(iv) Damage to turn signals, horn, or windshield wipers which make them inoperative.
DOT Agency means an agency (or “operating administration”) of the United States Department of Transportation administering regulations requiring alcohol and/or drug testing (14 CFR parts 61, 63, 65, 121, and 135; 49 CFR parts 199, 219, 382, and 655), in accordance with part 40 of this title.
Driver means any person who operates a commercial motor vehicle. This includes, but is not limited to: Full time, regularly employed drivers; casual, intermittent or occasional drivers; leased drivers and independent owner-operator contractors.
Employer means a person or entity employing one or more employees (including an individual who is self-employed) that is subject to DOT agency regulations requiring compliance with this part. The term, as used in this part, means the entity responsible for overall implementation of DOT drug and alcohol program requirements, including individuals employed by the entity who take personnel actions resulting from violations of this part and any applicable DOT agency regulations. Service agents are not employers for the purposes of this part.
Licensed medical practitioner means a person who is licensed, certified, and/or registered, in accordance with applicable Federal, State, local, or foreign laws and regulations, to prescribe controlled substances and other drugs.
Negative return-to-duty test result means a return-to-duty test with a negative drug result and/or an alcohol test with an alcohol concentration of less than 0.02, as described in § 40.305 of this title.
Performing (a safety-sensitive function) means a driver is considered to be performing a safety-sensitive function during any period in which he or she is actually performing, ready to perform, or immediately available to perform any safety-sensitive functions.
Positive rate for random drug testing means the number of verified positive results for random drug tests conducted under this part plus the number of refusals of random drug tests required by this part, divided by the total number of random drug tests results (i.e., positives, negatives, and refusals) under this part.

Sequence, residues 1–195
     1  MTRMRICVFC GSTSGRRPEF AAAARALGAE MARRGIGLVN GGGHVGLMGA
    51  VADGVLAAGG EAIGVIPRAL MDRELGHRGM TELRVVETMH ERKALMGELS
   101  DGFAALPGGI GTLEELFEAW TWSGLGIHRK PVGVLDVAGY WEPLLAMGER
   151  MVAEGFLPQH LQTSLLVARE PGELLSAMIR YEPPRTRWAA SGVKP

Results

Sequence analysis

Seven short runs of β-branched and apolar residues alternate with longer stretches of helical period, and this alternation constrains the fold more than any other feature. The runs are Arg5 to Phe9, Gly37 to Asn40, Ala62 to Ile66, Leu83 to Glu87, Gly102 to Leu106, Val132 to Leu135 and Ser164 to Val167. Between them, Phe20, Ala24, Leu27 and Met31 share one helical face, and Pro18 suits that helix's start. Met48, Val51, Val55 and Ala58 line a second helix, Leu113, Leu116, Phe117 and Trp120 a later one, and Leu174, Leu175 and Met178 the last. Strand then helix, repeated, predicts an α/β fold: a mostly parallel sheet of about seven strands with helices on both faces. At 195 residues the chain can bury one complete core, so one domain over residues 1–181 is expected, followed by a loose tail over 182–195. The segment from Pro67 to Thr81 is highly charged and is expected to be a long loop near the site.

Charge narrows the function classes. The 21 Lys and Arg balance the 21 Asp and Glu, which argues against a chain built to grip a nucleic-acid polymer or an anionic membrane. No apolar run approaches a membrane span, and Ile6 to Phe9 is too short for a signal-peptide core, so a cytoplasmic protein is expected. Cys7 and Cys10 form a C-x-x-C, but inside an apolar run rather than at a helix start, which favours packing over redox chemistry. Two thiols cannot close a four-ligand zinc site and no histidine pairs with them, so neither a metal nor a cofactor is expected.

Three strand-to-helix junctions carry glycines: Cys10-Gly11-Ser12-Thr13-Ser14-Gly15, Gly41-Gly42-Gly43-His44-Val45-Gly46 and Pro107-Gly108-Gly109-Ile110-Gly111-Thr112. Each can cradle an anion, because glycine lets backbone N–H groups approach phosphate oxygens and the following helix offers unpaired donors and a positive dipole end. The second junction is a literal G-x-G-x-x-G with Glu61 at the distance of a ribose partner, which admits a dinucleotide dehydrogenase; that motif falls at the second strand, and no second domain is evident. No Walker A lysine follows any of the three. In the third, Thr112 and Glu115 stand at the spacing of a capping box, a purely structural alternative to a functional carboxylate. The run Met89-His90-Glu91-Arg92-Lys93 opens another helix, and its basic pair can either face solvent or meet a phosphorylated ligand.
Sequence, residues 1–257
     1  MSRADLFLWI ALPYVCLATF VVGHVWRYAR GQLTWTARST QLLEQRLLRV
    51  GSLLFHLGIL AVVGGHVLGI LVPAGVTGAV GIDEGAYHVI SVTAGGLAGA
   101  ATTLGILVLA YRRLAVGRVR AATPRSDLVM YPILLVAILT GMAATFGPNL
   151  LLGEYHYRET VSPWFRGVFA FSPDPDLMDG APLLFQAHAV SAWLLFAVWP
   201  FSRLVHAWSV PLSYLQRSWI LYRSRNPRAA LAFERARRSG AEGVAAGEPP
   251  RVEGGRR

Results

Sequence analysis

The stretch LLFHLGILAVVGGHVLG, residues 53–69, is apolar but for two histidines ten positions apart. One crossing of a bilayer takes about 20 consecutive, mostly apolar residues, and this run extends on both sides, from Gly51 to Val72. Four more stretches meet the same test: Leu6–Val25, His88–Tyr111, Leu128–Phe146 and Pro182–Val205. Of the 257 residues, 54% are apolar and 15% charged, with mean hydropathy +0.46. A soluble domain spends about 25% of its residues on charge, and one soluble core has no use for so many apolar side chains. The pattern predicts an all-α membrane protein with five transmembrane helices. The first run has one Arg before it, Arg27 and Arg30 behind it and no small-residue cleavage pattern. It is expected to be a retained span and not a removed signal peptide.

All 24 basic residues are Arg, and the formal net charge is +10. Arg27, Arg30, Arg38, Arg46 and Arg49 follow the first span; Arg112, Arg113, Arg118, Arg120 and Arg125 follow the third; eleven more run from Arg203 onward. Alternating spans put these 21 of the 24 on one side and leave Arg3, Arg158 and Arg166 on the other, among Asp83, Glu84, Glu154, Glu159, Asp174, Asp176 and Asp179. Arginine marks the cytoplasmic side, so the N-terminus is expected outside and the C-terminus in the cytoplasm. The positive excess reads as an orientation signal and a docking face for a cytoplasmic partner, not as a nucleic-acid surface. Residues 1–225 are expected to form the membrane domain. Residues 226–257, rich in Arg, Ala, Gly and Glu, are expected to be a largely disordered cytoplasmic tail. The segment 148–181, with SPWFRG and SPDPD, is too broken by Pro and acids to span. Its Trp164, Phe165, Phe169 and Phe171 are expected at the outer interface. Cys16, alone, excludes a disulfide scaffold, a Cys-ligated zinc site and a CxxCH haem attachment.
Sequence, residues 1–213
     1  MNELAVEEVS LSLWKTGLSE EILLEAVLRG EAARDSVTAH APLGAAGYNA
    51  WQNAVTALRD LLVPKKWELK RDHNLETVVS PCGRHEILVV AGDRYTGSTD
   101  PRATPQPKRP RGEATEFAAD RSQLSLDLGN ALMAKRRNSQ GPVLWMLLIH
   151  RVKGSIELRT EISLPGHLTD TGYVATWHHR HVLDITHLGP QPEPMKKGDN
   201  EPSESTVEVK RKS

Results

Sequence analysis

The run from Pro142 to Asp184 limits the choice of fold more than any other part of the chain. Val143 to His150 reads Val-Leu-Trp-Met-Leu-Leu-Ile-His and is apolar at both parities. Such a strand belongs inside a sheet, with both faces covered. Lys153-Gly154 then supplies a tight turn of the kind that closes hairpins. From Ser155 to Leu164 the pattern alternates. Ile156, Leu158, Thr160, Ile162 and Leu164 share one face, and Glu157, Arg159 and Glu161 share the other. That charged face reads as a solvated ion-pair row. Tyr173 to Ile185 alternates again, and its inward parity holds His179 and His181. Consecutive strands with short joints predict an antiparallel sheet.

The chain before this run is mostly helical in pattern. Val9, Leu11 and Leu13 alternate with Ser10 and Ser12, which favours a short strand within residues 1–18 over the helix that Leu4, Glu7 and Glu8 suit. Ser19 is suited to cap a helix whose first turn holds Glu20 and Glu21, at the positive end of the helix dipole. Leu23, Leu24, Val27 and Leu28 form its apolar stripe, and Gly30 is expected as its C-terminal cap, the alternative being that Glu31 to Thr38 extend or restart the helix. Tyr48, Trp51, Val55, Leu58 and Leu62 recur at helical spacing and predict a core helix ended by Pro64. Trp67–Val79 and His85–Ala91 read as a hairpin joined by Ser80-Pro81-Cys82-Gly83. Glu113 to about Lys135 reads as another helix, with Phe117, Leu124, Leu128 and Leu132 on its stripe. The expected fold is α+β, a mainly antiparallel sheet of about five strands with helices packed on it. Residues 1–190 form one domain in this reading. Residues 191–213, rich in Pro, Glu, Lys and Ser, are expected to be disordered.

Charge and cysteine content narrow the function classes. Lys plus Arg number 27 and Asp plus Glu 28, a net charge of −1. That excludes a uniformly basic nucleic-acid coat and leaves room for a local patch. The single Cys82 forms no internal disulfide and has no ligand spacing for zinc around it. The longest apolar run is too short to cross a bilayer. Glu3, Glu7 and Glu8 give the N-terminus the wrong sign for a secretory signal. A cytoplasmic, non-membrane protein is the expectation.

Refuse to submit (to an alcohol or controlled substances test) means that a driver:
(1) Fail to appear for any test (except a pre-employment test) within a reasonable time, as determined by the employer, consistent with applicable DOT agency regulations, after being directed to do so by the employer. This includes the failure of an employee (including an owner-operator) to appear for a test when called by a C/TPA (see § 40.61(a) of this title);
(2) Fail to remain at the testing site until the testing process is complete. Provided, that an employee who leaves the testing site before the testing process commences (see § 40.63(c) of this title) a pre-employment test is not deemed to have refused to test;
(3) Fail to provide a urine or oral fluid specimen for any drug test required by this part or DOT agency regulations. Provided, that an employee who does not provide a urine or oral fluid specimen because he or she has left the testing site before the testing process commences (see § 40.63(c) of this title) for a pre-employment test is not deemed to have refused to test;
(4) In the case of a directly observed or monitored collection in a drug test, fails to permit the observation or monitoring of the driver's provision of a specimen (see §§ 40.67(l) and 40.69(g) of this title);
(5) Fail to provide a sufficient amount of urine or oral fluid when directed, and it has been determined, through a required medical evaluation, that there was no adequate medical explanation for the failure (see § 40.193(d)(2) of this title);
(6) Fail or declines to take a second test the employer or collector has directed the driver to take;
(7) Fail to undergo a medical examination or evaluation, as directed by the MRO as part of the verification process, or as directed by the DER under § 40.193(d) of this title. In the case of a pre-employment drug test, the employee is deemed to have refused to test on this basis only if the pre-employment test is conducted following a contingent offer of employment;